How much input do you get to have in your training schedule, meet schedule, and sets you get to do in practice?
Chuck basically controls all of those things. I completely trust him in what he thinks is best for me, but there are times when I will question or suggest something that I think I need or will help. I am almost always in agreement with Chuck and what he plans so that makes swimming that much easier for me.

What are your goals for the end of this summer?
For this summer, I definitely want to make the Pan Pac team, but if not I am just going to focus on the upcoming year at Florida. Either way, I am making sure I am enjoying my summer.

I have heard some stories about a Thanksgiving set that you guys do over at Bluefish. Can you elaborate on what it is?
Thanksgiving day practice is the absolute worst practice I will probably ever go through. We had to do 50X400's, with every other one at race pace. I literally could not move for a week after that.

How was it going back to high school after the summer Olympics in Beijing?
It was so strange and different. The Olympics changed almost everything at school. Everyone knew who I was, and I got a lot of attention that was almost too much for me. People thought it was a really big deal that I was an Olympian but to myself I was still the same, and many people would try to become friends with me which was weird.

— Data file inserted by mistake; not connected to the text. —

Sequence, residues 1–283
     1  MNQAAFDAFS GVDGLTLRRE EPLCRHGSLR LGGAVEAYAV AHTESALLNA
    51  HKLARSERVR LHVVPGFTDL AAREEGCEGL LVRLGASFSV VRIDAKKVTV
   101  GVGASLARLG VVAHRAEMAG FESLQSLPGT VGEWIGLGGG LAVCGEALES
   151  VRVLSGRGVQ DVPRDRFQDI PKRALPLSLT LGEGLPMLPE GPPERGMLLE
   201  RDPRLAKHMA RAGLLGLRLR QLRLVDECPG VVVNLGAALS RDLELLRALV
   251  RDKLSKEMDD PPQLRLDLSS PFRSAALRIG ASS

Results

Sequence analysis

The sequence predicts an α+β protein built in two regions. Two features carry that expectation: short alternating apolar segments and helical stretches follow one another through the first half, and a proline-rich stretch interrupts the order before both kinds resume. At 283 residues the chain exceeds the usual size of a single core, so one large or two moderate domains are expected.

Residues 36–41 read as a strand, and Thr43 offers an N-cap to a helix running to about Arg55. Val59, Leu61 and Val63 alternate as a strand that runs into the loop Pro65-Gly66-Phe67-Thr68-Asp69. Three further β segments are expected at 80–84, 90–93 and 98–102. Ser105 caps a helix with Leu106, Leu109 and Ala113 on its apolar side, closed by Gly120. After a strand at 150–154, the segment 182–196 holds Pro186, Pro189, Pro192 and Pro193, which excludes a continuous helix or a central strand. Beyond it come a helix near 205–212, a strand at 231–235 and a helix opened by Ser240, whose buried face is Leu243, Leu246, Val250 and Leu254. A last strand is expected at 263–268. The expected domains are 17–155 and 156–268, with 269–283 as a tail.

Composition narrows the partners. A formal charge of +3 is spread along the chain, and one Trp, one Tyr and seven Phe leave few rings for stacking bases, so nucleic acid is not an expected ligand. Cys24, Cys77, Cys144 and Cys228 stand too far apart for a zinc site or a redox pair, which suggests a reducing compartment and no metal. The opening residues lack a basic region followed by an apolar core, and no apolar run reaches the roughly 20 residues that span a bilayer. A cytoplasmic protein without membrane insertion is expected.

What do you consider to be the highlight of your young career?
The highlight of my young career would definitely be making the Pan Pac team when I was 13. That was sort of the jump-start to my national team career, and I wouldn't be where I am today without making that team.

Who do you most like to compete against?
I don't think I have a specific favorite person to race, but I think if I were to it would be Kirsty Coventry. Whenever I race her, I am always behind her but she is such a talented competitor and it's an honor for me to swim next to her when I do.

Who is your favorite member of the U.S. National Team?
Hayley McGregory. We have roomed the past two national team trips, and we have become pretty close.

What was it like being a "veteran" on the World Championships trip to Rome when you were only 16?
It was so weird being the one of the youngest but still being considered a veteran. It was awesome helping out some of the rookies that were around my age, because I think they could relate to me more easily than someone in their twenties.

Which young swimmers do you see to have the most potential to either breakout this summer or in the following year?